Voices of 9/11 reveal confusion among air-controllers
The most complete picture of the confusion among air-traffic controllers, pilots and the military during the terrifying chaos of the 9/11 hijackings has been released ahead of the 10th anniversary of the attacks.
The chilling collection of 114 audio recordings spans two hours and captures the desperate efforts of those involved to understand and deal with the unfolding atrocity.
Parts of the audio recordings have been aired before, but others had not been heard.
Days ahead of the 10th anniversary of the attacks, they have now been published in an unprecedented blow-by-blow recreation of events.
The recordings begin at 8.13am when air-traffic controllers in Boston lose touch with American Airlines Flight 11. Six minutes later flight attendant Betty Ong, tells the ground: "Somebody's stabbed in business class, and I think there is mace that we can't breathe. I think we're getting hijacked."
At 8.24am the voice of hijacker Mohamed Atta can be heard saying the plane is returning to the airport. He says: "Nobody move, everything will be okay. If you try to make any moves, you will injure yourself and the aeroplane. Just stay quiet."
The tapes show how ground controllers desperately tried to keep up with events. Sixteen minutes after the first hijacked plane hit the World Trade Centre a radio transmission was received at the New York air-traffic control radar centre telling them to look out their window at a low-flying aircraft.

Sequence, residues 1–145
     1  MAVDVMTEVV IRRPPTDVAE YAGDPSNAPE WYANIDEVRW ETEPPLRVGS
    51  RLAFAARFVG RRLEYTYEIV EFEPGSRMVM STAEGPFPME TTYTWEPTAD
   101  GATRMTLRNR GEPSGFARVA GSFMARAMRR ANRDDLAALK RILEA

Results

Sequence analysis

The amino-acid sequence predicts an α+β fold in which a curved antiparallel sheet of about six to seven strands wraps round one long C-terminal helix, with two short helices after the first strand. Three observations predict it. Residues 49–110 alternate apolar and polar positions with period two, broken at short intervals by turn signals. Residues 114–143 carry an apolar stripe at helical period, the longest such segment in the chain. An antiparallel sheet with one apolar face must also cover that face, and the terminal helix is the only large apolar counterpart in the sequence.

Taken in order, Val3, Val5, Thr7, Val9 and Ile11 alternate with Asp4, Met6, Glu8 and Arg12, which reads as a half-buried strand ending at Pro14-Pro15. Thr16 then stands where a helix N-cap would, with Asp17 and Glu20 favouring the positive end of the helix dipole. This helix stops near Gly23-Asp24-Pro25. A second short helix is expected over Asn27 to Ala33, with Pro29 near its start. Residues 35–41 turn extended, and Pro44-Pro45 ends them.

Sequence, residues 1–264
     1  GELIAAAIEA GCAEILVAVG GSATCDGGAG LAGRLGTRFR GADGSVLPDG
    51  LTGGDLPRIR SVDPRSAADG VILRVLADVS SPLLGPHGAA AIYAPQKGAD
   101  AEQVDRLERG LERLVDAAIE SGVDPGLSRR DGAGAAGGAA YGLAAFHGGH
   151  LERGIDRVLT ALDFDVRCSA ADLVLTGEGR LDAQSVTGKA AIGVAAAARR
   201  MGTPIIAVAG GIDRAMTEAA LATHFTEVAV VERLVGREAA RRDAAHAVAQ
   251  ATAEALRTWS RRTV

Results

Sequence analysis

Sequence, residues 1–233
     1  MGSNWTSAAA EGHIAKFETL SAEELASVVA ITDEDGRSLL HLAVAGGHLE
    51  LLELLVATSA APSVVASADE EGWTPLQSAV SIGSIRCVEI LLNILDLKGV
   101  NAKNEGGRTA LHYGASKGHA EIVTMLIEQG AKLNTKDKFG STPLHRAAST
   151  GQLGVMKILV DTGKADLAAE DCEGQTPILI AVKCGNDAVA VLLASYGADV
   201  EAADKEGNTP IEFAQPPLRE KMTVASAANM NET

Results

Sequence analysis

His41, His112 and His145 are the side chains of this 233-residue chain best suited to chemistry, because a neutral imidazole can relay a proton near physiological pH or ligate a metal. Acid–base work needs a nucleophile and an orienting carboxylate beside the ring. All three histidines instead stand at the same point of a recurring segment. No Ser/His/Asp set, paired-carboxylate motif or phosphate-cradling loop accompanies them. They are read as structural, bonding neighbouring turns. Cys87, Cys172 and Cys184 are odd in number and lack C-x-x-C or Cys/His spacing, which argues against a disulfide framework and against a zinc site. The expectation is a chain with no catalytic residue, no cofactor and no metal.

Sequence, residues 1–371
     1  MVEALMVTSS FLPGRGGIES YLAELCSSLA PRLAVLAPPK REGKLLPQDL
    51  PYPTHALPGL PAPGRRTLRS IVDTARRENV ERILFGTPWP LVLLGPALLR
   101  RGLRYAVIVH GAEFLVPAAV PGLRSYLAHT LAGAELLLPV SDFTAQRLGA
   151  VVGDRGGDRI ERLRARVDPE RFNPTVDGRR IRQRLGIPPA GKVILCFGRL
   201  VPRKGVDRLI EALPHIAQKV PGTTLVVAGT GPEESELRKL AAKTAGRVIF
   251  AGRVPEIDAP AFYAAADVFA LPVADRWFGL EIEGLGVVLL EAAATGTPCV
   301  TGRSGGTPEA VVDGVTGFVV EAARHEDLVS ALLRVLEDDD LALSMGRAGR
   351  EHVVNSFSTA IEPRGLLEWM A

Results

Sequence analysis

After one plane had already hit, and with the second moments from impact, an air-traffic control manager in New York called the Federal Aviation Administration headquarters in Herndon, Virginia, to ask if military jets were being scrambled. The reply from Virginia came: "Why, what's going on?"
During the chaos an unidentified pilot is heard asking over the airwaves: "Anybody know what that smoke is in lower Manhattan?" In another recording someone asks: "Is this real world or exercise?"
The recordings were originally compiled as an "audio monograph" for the 9/11 Commission, but the work was not completed in time before the commission concluded its business.
Miles Kara, a commission investigator, found the remaining files in the National Archives and transcribed them with the help of Rutgers University.
Mr Kara said: "The story of the day of 9/11 itself is best told in the voices of 9/11."
Two recordings have still not been published. One is a 30-minute tape from the cockpit of United Airlines Flight 93 that crashed in Pennsylvania when passengers stormed the hijackers. Families of victims objected to it being released.
A recording of a conference call which started at 9.28am and involved then Vice-President Dick Cheney and Defence Secretary Donald Rumsfeld is also not included.